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How to address security risks in GPS-enabled devices

GPS-enabled devices not only pose personal risks but also pose risks to organizations. Learn about the security risks associated with tracking devices and how to address them.

Trendy consumer gadgets are reaching the market at an expedited rate in today's world, and the next new viral product is right around the corner. While these innovations aim to make consumers' lives easier and more efficient, the rapid development of these products often creates security risks for users -- especially as hackers and malicious actors get more creative.

When commercial drones were brought to market as recreational tools in 2013, for example, consumers jumped at the chance to use them for a wide range of personal purposes, from photography to flying practice. Many security risks emerged, however, and it became clear that drones can be used maliciously to do anything from tracking and monitoring to causing physical harm and societal disruption.

GPS-enabled devices are now experiencing the same growing pains.

The current threat environment

GPS-enabled devices have been on the market for a while, but consumer use has boomed in recent years. The newest device making waves is Apple's AirTag -- a small device that tracks personal items such as keys, wallets and backpacks.

With an affordable price tag, consumers have jumped at the opportunity to keep track of their belongings more easily. As adoption has grown, however, so have security and privacy concerns. Malicious actors can easily slip these devices into peoples' belongings and track them.

While the risk to consumers is clear, businesses and influential figures can also be targeted. GPS-enabled devices can be used to track day-to-day business movements and identify exploitable weak points.

Apple has remediated some of these risks by releasing a personal safety guide outlining the steps users should take if they find an unknown AirTag or suspect someone has gained access to their product. Yet these risks highlight a broader problem with GPS-enabled devices. Threat modeling in the design phase of tech development must evolve to uncover emerging security risks -- before consumers get their hands on the devices.

How threat modeling helps

Threat modeling is an effective way to identify potential threats and vulnerabilities and thus reduce security risks to resources and products.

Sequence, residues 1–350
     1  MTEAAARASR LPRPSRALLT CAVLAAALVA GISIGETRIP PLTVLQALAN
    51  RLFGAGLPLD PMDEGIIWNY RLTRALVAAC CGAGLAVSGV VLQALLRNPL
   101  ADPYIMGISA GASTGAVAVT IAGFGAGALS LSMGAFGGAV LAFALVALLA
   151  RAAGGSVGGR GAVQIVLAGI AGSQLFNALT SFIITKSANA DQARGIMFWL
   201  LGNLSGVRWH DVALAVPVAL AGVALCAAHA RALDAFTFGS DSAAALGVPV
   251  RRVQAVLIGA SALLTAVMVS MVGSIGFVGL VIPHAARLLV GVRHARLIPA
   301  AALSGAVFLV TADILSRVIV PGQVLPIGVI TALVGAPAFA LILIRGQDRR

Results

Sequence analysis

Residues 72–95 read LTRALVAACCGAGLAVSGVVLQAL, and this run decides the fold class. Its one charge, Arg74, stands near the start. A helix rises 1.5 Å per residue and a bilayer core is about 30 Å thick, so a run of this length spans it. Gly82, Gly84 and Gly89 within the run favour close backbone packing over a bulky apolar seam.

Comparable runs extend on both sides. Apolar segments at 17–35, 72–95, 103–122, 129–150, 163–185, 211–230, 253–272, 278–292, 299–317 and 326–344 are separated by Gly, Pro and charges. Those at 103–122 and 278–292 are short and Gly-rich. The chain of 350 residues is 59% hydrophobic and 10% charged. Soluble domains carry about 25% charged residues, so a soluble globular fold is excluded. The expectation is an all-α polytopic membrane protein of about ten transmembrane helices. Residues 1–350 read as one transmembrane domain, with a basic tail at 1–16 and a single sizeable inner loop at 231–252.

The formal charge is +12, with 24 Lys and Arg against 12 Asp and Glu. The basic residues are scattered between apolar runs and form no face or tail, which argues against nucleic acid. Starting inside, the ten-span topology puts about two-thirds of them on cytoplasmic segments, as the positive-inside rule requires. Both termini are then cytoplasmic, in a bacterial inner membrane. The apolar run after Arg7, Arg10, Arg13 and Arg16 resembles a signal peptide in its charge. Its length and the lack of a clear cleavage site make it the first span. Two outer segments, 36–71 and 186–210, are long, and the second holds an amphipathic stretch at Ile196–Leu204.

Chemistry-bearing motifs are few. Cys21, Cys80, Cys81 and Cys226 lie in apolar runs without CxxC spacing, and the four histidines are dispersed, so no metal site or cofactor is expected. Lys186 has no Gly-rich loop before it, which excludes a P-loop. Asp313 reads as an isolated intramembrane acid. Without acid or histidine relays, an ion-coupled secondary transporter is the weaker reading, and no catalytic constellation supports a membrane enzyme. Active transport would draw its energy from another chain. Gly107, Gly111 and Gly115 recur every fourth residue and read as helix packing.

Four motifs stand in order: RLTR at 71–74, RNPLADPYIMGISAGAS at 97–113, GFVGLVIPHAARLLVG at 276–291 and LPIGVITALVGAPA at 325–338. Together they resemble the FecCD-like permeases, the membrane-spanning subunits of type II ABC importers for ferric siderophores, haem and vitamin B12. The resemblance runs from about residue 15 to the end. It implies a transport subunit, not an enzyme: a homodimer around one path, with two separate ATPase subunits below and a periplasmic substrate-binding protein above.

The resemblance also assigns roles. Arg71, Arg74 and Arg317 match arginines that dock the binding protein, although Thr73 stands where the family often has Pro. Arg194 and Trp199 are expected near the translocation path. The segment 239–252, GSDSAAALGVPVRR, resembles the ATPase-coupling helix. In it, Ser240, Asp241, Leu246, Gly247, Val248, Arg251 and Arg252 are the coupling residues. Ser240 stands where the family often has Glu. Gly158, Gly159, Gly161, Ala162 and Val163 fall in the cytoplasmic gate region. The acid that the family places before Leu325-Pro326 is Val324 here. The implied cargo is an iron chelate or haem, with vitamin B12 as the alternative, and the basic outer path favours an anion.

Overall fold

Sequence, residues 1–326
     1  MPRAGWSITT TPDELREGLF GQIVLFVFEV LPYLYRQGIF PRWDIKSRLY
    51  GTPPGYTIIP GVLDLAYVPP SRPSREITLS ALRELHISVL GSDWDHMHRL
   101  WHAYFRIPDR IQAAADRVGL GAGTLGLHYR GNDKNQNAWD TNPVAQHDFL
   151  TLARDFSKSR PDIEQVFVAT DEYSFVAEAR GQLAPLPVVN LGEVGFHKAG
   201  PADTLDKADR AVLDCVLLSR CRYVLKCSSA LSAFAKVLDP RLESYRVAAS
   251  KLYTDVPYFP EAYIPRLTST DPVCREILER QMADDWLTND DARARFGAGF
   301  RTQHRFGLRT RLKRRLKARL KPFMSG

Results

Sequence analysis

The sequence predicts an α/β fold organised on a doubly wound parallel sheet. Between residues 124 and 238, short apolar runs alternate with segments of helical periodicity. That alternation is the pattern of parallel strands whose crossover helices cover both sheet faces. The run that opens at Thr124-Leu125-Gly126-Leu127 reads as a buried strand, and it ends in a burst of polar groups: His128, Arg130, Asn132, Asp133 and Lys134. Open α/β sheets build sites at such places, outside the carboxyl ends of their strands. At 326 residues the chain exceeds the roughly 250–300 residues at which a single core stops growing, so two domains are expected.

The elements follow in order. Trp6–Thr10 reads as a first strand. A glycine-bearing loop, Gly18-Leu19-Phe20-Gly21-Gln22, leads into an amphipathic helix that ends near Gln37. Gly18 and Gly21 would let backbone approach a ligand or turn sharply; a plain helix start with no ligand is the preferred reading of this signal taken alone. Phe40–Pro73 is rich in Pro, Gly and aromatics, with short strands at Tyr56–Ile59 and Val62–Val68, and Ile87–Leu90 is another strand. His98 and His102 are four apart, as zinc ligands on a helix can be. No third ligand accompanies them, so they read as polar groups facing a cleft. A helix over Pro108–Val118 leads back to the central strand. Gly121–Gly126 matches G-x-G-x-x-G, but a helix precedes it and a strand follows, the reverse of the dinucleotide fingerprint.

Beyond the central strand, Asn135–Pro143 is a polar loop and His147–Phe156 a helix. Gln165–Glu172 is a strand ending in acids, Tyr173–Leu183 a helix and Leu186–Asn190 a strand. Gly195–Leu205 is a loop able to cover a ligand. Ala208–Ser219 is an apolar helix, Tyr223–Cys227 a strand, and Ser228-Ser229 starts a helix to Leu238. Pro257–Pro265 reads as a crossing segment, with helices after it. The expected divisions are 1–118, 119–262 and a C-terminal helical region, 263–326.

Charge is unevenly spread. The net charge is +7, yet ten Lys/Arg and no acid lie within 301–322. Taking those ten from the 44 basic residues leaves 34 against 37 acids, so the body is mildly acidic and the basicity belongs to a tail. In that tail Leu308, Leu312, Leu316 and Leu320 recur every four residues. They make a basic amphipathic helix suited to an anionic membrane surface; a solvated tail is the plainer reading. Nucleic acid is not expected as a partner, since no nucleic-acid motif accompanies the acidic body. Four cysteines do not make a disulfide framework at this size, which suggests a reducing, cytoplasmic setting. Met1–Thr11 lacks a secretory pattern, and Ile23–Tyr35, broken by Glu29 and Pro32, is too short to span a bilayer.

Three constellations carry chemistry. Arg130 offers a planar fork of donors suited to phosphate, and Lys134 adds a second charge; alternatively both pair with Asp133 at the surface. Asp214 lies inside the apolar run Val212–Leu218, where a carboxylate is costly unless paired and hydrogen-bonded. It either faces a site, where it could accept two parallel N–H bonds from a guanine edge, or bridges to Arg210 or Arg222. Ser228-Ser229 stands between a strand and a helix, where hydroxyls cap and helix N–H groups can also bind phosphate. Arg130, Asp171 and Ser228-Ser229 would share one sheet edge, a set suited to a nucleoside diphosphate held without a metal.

As threat environments evolve, however, so too must threat modeling processes. Solely following compliance and regulation requirements is no longer sufficient. Tech providers must now think creatively to seek out potential vulnerabilities.

Companies must also realize that threat modeling and design reviews can't be accomplished in a vacuum. They must be thought of as fluid processes that get updated and tailored to specific products. This proactive approach helps protect end users and eliminates the need for businesses to scramble to provide fixes after a product reaches the market or, in a worst-case scenario, is recalled.

Society has adopted GPS-enabled devices, and their popularity is only expected to grow -- despite their security risks. The onus is on the tech industry to adopt a security-first mindset when developing products and take the time to test for potential vulnerabilities. This extra care will give consumers peace of mind and will enable the tech industry to continue innovating -- safely. 

About the author

Nabil Hannan is managing director at NetSPI. He leads the company's consulting practice, focusing on helping clients solve their cybersecurity assessment and threat and vulnerability management needs. Hannan has more than 13 years of experience in cybersecurity consulting from his tenure at Cigital/Synopsys Software Integrity Group, where he built and improved effective software security projects, including risk analysis, pen testing, secure code review and vulnerability remediation, among others.

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